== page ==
Black vomit, brown vomit, or vomit that has the appearance or consistency of coffee grounds is caused by gastrointestinal bleeding. This is a serious condition, and a doctor consultation should be sought immediately. For this condition, the initial treatment is intravenous fluid replacement and possibly a blood transfusion. Once the patient is stable, the treatment will include locating and stopping the gastrointestinal bleeding. Long-term treatment of black vomit focuses on determining the original problem that led to the gastrointestinal bleeding and to treat that problem.
When a patient exhibits black vomit, it signals to a medical professional that the patient is probably suffering from gastrointestinal bleeding. Occasionally, gastrointestinal bleeding can go on for a long time before a patient has noticeable symptoms. This can mean that the patient has suffered significant loss of fluids and blood by the time he receives medical care. Therefore, the first step in the treatment of black vomit is to stabilize a patient and normalize his vital signs by administering intravenous fluids and blood.
Once the patient is stable, the doctor will try to find the source of the bleeding. This is most often done using an endoscope or camera on a long tube that can be passed through the gastrointestinal tract. Other imaging devices that can be used to search for the source of bleeding include abdominal magnetic resonance imaging, abdominal computed tomography scan, or a sigmoidoscopy.
Black vomit will continue to be a problem unless the source of the gastrointestinal bleeding is found and stopped. There are many different methods that can be used to seal the tear or rupture that is causing the bleeding. An endoscopic thermal probe, radiofrequency ablation, or argon plasma coagulation can be used to cauterize or burn the tissue surrounding the tear and reseal the area. Cryotherapy or freezing the tissue can also be used to seal the rupture.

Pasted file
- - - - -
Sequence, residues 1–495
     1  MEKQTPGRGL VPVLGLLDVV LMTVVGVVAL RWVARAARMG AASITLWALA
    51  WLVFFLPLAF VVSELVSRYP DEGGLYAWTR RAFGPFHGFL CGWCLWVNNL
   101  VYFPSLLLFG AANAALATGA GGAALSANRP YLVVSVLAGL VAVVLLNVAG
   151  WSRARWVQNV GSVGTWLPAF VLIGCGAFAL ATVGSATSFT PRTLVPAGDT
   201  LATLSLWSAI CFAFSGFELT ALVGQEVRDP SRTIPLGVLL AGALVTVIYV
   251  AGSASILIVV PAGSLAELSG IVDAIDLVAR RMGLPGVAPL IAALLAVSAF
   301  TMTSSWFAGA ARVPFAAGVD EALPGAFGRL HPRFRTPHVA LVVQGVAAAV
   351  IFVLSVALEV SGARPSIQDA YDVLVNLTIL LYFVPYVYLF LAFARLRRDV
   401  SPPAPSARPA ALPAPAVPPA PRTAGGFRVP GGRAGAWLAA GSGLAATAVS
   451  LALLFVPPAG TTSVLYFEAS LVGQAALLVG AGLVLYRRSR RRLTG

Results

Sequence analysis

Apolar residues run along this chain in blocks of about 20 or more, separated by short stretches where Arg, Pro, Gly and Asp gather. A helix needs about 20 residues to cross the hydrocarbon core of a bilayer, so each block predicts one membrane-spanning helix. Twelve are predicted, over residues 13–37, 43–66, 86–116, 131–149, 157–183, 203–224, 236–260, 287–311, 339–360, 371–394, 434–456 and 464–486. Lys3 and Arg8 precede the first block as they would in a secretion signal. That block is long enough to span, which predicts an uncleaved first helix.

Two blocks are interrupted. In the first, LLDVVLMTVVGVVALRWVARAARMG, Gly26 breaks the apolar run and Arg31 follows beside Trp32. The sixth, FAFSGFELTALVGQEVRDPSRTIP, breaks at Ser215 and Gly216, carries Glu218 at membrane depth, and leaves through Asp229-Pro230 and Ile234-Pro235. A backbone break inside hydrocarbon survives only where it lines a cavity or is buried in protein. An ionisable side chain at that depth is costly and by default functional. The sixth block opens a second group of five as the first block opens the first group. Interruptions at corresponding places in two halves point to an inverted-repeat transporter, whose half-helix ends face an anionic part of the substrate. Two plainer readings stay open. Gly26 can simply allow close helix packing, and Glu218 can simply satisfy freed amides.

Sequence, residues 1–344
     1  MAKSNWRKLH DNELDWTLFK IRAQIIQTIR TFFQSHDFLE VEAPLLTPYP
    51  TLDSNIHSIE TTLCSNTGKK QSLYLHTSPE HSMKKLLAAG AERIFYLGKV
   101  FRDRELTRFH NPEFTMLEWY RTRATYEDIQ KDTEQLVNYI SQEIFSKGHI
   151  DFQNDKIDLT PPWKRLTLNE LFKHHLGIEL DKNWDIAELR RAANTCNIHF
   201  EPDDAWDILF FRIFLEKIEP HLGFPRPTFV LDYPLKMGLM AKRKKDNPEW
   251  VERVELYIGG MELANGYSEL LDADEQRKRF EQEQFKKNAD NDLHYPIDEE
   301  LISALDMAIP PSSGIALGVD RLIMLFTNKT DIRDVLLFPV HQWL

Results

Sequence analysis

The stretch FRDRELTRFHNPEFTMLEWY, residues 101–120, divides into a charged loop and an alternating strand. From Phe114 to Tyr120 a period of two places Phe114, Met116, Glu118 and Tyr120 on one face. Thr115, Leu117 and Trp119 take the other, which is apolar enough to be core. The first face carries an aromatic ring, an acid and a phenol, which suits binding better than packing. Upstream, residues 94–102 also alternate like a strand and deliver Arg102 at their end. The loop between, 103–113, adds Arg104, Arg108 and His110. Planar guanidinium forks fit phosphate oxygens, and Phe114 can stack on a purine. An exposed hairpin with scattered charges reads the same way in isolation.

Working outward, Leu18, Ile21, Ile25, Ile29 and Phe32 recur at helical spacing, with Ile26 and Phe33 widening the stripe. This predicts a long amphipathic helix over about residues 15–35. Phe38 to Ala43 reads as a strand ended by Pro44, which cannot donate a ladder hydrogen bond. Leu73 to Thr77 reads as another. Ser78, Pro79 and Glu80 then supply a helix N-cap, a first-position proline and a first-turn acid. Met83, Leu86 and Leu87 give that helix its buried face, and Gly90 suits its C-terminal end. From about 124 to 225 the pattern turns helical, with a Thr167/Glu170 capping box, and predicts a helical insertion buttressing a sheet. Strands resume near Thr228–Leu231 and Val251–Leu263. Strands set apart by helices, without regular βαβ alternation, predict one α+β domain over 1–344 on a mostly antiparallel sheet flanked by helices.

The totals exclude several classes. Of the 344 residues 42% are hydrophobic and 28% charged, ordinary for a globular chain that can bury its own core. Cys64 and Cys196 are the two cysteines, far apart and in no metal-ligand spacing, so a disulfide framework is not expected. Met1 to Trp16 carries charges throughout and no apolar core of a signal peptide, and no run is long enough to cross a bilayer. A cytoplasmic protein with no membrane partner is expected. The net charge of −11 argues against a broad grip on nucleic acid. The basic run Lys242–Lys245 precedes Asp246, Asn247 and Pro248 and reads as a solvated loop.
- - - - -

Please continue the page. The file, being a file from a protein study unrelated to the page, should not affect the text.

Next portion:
Gastrointestinal bleeding can also be arrested using a variety of medical devices. Endoscopic clips are tiny clamps that can be used to suture tears. A specially engineered, cryanoacrylate glue can be applied to a rupture in a gastrointestinal blood vessel in a procedure known as endoscopic intravariceal cryanoacrylate injection. An angiographic embolization, which uses injected particles to help clot and stop the bleeding, can also be performed.
Long-term treatment for black vomit will be to determine the problem that caused the gastrointestinal bleeding and to treat the problem. The most common causes of digestive tract bleeding are cancer, ulcers, or an abnormality in the veins near the esophagus. Causes of bleeding in the lower part of the digestive tract include diverticular disease, colitis, and angiodysplasia.